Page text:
Want to keep learning?

This content is taken from the Coventry University's online course, Introduction to International Logistics. Join the course to learn more.

Customer service

Building on the previous step, we now focus on the concept of customer service, which is essential for customer retention and achieving competitive advantage.

Customer service is the interaction of all factors that affect the process of making a product (or service) available to customers easily. It includes:

  • Pre-transaction: all written statements relating to service policy and organisational flexibility
  • Transaction: relating to physical distribution and delivery
  • Post-transaction: elements relating to the supportive functions, like warranty services and product replacement, repair services and customer complaints

To retain and develop markets, companies need to consider and anticipate the expectations of customers.

Customer service is effectively the surrounding area of a core product (as shown in the image below), and should be augmented to achieve customer retention and competitive advantage.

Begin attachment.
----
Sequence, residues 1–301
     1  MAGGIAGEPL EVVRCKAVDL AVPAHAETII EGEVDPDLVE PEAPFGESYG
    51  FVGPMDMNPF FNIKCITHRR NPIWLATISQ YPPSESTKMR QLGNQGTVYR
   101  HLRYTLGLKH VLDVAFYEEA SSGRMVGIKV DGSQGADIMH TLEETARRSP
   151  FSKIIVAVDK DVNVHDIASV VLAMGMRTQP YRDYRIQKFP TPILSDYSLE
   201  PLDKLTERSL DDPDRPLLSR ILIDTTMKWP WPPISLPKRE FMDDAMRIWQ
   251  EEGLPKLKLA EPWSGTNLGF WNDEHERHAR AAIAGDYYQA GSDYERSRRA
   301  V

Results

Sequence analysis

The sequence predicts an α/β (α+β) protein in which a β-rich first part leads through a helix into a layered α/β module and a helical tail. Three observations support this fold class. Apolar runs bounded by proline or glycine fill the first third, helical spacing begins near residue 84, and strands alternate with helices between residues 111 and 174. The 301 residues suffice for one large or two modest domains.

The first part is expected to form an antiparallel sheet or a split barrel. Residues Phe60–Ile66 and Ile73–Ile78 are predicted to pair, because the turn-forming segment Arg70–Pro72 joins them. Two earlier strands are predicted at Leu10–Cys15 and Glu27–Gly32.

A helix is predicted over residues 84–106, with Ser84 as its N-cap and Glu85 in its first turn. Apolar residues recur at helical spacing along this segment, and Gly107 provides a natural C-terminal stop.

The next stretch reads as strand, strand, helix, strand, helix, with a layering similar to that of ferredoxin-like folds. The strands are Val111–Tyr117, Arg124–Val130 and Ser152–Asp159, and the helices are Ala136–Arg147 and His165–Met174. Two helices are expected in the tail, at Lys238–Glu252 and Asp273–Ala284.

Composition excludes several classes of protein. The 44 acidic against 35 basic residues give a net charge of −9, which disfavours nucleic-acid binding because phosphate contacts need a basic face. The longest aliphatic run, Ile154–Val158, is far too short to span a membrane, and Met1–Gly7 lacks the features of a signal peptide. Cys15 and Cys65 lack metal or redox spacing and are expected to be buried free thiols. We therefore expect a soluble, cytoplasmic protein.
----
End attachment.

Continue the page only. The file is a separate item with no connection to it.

Diagram of core product represented by an inner circle, surrounded by an outer circle of service. Within the core product, this includes elements such as quality, product features, technology, durability etc. Within the customer service surround area, this includes elements such as delivery lead time and flexibility, delivery reliability and consistency, order fill, ease of doing business, after-sales support etc.

(Christopher 2016: 31)

Customer retention, in particular, is very important and is underlined by the customer’s ‘life time value’. The life time value has a direct relation with ‘average transaction value of the customer’, their ‘purchasing frequency’, and ‘customer life expectancy’ based on the following equation:

Life time value = Average transaction value of the customer x Purchasing frequency x Customer life expectancy

As a way of being able to identify and customise customer service needs, businesses need to:

  • Identify the key components of customers’ needs
  • Determine the relative importance of each extracted component
  • Cluster customers based on their similar customer service requirements

Your task

Think about a grocery store you visited recently. What customer services do they provide? How does it compare with other grocery stores? Discuss in the comments area.


Christopher, M. (2016). Logistics and supply chain management (5th ed.). Pearson.

Share this article:

This article is from the free online course:

Introduction to International Logistics

Coventry University